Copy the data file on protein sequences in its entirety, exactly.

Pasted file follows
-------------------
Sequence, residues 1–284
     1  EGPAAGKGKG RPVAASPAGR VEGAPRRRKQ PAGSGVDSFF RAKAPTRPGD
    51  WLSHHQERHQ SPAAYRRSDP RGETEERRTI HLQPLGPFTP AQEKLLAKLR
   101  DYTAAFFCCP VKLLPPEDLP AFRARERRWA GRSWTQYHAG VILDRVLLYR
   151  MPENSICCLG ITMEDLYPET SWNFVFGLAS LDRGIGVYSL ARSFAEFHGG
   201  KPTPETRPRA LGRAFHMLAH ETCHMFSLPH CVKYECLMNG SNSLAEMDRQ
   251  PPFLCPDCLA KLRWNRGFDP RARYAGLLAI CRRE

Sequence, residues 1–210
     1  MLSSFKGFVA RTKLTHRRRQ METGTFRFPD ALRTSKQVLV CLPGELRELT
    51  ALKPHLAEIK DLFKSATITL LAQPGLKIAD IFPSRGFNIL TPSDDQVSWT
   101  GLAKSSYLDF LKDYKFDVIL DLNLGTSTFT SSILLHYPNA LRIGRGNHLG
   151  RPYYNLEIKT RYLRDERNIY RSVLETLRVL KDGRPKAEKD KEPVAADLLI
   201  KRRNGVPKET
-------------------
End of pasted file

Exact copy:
Sequence, residues 1–284
     1  EGPAAGKGKG RPVAASPAGR VEGAPRRRKQ PAGSGVDSFF RAKAPTRPGD
    51  WLSHHQERHQ SPAAYRRSDP RGETEERRTI HLQPLGPFTP AQEKLLAKLR
   101  DYTAAFFCCP VKLLPPEDLP AFRARERRWA GRSWTQYHAG VILDRVLLYR
   151  MPENSICCLG ITMEDLYPET SWNFVFGLAS LDRGIGVYSL ARSFAEFHGG
   201  KPTPETRPRA LGRAFHMLAH ETCHMFSLPH CVKYECLMNG SNSLAEMDRQ
   251  PPFLCPDCLA KLRWNRGFDP RARYAGLLAI CRRE

Sequence, residues 1–210
     1  MLSSFKGFVA RTKLTHRRRQ METGTFRFPD ALRTSKQVLV CLPGELRELT
    51  ALKPHLAEIK DLFKSATITL LAQPGLKIAD IFPSRGFNIL TPSDDQVSWT
   101  GLAKSSYLDF LKDYKFDVIL DLNLGTSTFT SSILLHYPNA LRIGRGNHLG
   151  RPYYNLEIKT RYLRDERNIY RSVLETLRVL KDGRPKAEKD KEPVAADLLI
   201  KRRNGVPKET